Why did NASA choose SpaceX over Blue Origin?

The fact that SpaceX has been extremely operationally active with orbital work since 2008 I think while Blue Origin still has yet to launch an orbital rocket speaks volumes, along with the fact that the Blue Origin proposal was twice as expensive as SpaceX.

Combine with NASA having their HLS budget literally quartered by Congress… Obviously spend it all on the company with a proven track record and don’t dilute for the sake of redundancy.

That redundancy after all got NASA real far with the crewed space flight program. Boeing got way more money, and still hasn’t completed even an uncrewed test flight. SpaceX got way less money, and has done both uncrewed and crewed test flights, two crewed operational flights, and has returned both the test and first operational crewed flights safely back to Earth.

NASA is smart, it turns out. Fool me once, shame on you; fool me twice, shame on me. They learned their lesson, they’re not being trapped by the redundancy argument again especially when SpaceX is involved.

I love Blue Origin, I love Bezos’s ideas and grand visions, and I really want the company to succeed. But they have to actually start doing something operationally beyond test flights. They can’t just expect free government money without, frankly, proving much of anything so far, at least anything significant. SpaceX didn’t get free money when they started. They had to actually get a rocket to orbit: one of four attempts cumulatively on less than what Jeff donates to his pet project in a single year.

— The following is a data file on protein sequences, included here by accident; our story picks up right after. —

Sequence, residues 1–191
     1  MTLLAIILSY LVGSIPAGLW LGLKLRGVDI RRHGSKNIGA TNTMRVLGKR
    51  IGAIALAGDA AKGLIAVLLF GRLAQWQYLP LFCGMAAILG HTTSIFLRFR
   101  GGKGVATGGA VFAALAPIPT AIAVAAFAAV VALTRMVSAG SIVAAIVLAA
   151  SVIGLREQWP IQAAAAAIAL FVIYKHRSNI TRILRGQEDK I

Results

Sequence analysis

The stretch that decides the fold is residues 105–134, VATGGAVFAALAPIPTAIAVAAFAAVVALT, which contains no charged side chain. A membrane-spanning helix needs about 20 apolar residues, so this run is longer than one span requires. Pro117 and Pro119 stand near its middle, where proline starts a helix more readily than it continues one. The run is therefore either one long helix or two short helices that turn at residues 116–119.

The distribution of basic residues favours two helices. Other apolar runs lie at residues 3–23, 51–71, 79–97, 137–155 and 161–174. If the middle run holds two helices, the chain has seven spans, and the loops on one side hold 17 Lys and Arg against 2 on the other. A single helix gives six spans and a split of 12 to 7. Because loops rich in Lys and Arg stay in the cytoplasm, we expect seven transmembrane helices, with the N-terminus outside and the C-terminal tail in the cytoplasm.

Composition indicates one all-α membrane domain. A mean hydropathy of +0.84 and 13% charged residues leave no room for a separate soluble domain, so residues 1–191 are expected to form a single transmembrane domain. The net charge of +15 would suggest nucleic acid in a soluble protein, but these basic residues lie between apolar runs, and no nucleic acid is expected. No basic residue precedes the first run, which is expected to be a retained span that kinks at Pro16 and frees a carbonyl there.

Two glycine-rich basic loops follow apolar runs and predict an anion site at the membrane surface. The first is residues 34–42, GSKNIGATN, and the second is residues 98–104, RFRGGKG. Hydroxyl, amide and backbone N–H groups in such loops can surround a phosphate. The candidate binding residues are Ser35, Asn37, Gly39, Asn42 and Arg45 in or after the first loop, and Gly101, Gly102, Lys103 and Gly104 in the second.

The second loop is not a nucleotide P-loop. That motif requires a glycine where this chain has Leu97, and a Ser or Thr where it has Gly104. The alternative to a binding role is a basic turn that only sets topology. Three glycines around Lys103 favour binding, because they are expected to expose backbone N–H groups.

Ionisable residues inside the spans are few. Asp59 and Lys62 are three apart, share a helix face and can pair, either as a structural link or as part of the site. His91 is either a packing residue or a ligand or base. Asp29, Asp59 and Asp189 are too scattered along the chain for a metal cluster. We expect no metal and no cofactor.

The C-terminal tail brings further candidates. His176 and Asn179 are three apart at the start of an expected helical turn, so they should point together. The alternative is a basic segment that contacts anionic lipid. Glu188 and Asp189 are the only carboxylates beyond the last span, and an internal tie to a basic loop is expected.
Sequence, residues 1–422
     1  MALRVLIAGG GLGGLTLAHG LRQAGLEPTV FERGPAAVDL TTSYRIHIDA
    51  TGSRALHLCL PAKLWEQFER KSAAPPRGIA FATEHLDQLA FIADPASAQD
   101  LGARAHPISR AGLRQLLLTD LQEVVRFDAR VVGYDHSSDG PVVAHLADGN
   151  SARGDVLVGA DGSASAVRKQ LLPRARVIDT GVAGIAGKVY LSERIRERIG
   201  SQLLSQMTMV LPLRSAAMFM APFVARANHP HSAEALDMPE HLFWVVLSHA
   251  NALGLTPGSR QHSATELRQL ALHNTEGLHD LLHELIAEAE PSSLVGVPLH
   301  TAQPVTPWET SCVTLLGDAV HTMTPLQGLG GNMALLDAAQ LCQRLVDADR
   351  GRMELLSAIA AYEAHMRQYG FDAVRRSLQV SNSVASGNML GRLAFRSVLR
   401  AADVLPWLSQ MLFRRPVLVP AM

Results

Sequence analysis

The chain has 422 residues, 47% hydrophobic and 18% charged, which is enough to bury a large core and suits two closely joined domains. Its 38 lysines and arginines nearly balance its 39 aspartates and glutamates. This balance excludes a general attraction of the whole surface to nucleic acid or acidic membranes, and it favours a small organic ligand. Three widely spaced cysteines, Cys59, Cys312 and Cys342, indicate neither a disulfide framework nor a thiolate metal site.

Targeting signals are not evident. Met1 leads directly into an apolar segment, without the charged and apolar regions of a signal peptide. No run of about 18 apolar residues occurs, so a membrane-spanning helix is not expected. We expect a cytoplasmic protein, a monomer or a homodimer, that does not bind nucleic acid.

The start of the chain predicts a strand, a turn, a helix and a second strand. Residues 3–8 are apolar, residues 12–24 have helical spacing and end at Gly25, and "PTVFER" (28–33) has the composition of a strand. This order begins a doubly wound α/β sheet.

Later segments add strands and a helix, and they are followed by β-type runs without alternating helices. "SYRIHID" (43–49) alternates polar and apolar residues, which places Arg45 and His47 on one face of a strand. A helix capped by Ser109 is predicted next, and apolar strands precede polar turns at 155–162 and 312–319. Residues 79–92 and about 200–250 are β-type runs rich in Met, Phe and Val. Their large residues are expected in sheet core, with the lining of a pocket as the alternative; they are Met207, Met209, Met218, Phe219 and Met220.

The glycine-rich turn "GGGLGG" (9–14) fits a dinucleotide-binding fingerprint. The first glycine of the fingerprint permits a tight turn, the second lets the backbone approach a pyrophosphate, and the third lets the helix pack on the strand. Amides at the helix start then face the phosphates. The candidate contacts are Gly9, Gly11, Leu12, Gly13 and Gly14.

Blue Origin still hasn’t done even that. New Shephard can’t each orbit, and New Glenn becomes operational who knows when at this point. Why does Bezos think he gets an exception?

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Christopher Sharp

This effort has evolved to primarily be for clearly communicating technical subject matter to the public: largely my two passions astrophysics and space travel.